The Shore Before Us

Tinos29 May 2016

In this depth of quiet,
I can hear the pads
of a cat’s paws brush
against the cobbles
of the narrow path
separating the close set
houses across from one another,
the windows of which are shuttered
against the afternoon heat of the south.

The cat halts.
All goes still.
The shadow of a shirt,
hanging on a line across the path,
is cast just in front of the cat.
Is it this that has
caused the cat halt?

A trailing geranium
bleeds a single petal
from the balcony
where, potted, it flourishes,
leaving its drop of blood
on a cobble two over
from where stands the cat.

I inhale the light
through which the petal fell
impressing it with fading tinges
of rubiness. As I inhale,
the cat moves through
the shadow of the shirt.

Somewhere nearby something
heavy drops with a dead thud,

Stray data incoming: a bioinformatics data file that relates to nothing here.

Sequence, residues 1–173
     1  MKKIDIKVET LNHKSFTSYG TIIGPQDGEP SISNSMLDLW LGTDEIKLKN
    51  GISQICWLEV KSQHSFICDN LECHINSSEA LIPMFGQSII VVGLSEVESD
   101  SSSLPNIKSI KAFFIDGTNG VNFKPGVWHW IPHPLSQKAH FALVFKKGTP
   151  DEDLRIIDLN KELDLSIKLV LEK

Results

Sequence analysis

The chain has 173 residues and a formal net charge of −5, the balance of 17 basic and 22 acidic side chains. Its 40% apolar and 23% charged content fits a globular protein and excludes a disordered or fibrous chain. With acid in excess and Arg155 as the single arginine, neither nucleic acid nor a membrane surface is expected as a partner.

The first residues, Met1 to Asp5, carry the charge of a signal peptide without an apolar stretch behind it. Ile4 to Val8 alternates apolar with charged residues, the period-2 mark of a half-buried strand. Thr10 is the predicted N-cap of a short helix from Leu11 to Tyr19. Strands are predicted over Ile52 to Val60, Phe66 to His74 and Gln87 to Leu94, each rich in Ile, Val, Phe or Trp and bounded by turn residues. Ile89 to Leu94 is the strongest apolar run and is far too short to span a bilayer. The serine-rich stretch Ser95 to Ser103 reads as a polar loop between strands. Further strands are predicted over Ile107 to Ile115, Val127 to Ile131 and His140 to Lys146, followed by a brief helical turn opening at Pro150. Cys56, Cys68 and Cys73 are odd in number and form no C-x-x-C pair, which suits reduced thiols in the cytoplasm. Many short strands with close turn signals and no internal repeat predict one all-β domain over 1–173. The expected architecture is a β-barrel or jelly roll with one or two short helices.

halting the cat. Alert,
the cat moves slowly forward,
the silky grey coat of her
like a small wave
separated from the sea.

The heat presses its hand against me
as I press close against
the enshadowed part of the wall
to halt and sip from the bottle
of water I carry. I find I have
lost my way to the ruin
of a house where once a poet,
it had been said, had lived,
who wrote verse about the north.

Perhaps he had once seen,
in the falling
petal of a geranium,
a miniature of the Northern Lights
he had read about in a discovered
text about an archaeological
dig of the heavens? I follow

the broken crescent of the path
to the spot where the poet’s
house was said to have stood.
A crumble of wall is all
that remains. It looks a mouth
of broken teeth at me,
as though it is trying
to recite verse,
I, and a small indolent lizard
the whole of the audience.

I work my way back
down a different path,
at the foot of which
the wave grey cat crosses,
beyond which lies the graphite bay
where the boat I came in on sits anchored.
Rowers wait to tender passengers to it.
Their oars engage the water
in the universal language of rowing
away from, toward
an understanding of the shore before us.

Philip Kuepper
(30 April 2016)

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